ERIC Number: ED254468
Record Type: RIE
Publication Date: 1984-Jun-22
Reference Count: 0
Source and Influence: A Comparative Approach to African Religion and Culture.
The importance of studying the primary context of the relationship between "source" and "influence" in a comparative science of religion and culture is emphasized throughout this article. Focusing primarily on the situation in Muslim and Christian Africa, the article distinguishes between in-coming "sources" and indigenous "influences." Although it seems reasonable to consider how Christianity and Islam changed Africa, it is more consistent and critical to consider the effects Africa has had on the two religions. The issue of vernacular languages is seen as the key to the process of the transformation of Christianity and Islam in Africa. Comparisons between reactions to the language of the missionary as unsuitable for the expression of religion in African culture and reactions to the intrinsic untranslatability of the Islamic Koran are made. Specific examples drawn from the Akan and Hausa cultures and the Ibo (Nigeria), Wolof (Senegal), Mandika (Mali), and Swahili (Kenya) languages are presented. The paper concludes that (1) if borrowing takes place at all, it is on the basis of an original mutual attraction, (2) depending on the level of such mutual attraction, indigenous criteria act on the incoming materials by domesticating them, and (3) once assimilated, the new materials may act both to judge and justify the earlier materials. A passage from the travels of Sir Richard Burton is used as a concluding example of what African culture can do to foreign cultural materials. (LH)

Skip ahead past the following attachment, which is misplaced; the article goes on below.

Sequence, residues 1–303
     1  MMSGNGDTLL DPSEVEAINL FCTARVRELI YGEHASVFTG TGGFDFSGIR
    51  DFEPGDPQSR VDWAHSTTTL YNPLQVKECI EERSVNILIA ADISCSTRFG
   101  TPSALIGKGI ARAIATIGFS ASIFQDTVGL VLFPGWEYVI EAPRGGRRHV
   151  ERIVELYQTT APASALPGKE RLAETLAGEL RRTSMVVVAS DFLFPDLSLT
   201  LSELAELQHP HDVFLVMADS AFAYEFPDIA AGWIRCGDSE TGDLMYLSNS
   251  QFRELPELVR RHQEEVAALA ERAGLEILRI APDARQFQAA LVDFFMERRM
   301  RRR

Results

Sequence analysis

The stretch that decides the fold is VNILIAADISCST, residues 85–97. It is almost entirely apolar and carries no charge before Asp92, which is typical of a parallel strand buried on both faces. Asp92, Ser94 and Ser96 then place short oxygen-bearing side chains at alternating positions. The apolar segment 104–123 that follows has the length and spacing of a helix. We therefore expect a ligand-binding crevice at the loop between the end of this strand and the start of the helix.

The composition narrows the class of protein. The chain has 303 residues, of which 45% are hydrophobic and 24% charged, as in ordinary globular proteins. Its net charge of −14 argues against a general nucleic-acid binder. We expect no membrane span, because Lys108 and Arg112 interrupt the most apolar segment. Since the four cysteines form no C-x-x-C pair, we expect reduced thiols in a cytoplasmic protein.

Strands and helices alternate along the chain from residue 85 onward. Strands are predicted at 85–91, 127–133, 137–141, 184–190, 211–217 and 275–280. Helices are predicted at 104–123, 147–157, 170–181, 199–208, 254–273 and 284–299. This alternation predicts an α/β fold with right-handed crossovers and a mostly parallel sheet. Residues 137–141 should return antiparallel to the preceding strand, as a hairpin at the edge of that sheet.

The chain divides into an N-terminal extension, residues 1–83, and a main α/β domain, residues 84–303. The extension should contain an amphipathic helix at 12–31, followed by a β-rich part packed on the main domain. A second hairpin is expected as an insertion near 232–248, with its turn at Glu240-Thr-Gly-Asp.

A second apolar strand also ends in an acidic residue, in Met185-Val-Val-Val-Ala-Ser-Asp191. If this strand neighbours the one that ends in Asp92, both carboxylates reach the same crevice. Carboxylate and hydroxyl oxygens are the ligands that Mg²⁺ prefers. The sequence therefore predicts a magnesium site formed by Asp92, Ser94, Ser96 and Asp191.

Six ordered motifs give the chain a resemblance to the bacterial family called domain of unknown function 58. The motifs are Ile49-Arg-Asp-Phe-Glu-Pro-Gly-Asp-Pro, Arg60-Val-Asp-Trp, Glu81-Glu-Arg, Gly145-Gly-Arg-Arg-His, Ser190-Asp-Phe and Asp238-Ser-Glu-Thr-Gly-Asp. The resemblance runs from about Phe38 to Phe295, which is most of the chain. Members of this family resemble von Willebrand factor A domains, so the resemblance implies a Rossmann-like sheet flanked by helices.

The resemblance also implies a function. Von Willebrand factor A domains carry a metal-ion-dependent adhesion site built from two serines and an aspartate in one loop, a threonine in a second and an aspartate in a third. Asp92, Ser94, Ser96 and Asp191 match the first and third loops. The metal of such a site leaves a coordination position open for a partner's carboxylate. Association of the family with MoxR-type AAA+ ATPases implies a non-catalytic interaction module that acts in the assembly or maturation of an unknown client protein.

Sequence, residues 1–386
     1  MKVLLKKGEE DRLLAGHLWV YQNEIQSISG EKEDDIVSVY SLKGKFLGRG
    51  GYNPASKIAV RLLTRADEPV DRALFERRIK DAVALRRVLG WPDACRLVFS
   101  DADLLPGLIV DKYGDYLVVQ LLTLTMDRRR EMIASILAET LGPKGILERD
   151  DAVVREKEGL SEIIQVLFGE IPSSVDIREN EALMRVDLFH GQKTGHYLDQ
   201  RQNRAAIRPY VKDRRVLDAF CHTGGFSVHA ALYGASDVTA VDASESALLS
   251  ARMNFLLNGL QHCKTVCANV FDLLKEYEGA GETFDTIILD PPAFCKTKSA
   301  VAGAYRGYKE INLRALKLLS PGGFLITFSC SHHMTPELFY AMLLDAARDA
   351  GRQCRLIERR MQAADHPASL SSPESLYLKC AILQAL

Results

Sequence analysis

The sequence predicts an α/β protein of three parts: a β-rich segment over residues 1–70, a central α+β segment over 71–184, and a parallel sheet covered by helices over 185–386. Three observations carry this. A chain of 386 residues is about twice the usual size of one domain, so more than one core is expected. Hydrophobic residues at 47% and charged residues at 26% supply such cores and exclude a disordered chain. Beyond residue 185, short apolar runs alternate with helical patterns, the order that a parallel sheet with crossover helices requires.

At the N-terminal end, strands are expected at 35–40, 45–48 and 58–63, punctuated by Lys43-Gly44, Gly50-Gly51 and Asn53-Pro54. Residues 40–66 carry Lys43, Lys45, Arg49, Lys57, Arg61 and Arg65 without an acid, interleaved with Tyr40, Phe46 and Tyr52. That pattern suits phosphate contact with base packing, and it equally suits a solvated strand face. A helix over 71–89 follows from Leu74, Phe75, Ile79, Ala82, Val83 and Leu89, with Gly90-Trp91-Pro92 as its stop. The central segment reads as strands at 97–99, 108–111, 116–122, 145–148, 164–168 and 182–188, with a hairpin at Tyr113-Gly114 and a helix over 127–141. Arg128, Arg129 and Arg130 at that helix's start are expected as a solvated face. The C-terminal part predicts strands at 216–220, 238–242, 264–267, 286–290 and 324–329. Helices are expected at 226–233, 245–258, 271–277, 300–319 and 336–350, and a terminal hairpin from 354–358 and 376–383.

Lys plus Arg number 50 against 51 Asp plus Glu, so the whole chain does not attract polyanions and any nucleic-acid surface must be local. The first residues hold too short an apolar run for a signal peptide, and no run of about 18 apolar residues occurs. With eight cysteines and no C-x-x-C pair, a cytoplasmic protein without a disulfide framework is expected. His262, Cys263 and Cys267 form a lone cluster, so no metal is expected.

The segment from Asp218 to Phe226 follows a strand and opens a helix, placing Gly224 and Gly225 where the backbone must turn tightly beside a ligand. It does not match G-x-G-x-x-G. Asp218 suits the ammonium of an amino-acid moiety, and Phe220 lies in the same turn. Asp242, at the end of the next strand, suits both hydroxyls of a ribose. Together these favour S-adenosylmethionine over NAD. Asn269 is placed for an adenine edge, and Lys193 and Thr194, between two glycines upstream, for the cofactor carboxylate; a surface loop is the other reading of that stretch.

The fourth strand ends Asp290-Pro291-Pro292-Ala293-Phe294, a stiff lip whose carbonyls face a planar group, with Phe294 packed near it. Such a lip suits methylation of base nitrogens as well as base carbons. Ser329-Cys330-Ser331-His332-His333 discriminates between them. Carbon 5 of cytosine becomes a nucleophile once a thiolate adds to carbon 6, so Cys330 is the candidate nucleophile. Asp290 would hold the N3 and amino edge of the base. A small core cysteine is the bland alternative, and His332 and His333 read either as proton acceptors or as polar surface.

Publication Type: Reports - General
Education Level: N/A
Sponsor: Bernard Van Leer Foundation, The Hague (Netherlands).
Authoring Institution: Harvard Univ., Cambridge, MA. Graduate School of Education.
Note: Paper from the Project on Human Potential. For other project papers, see SO 016 244-270.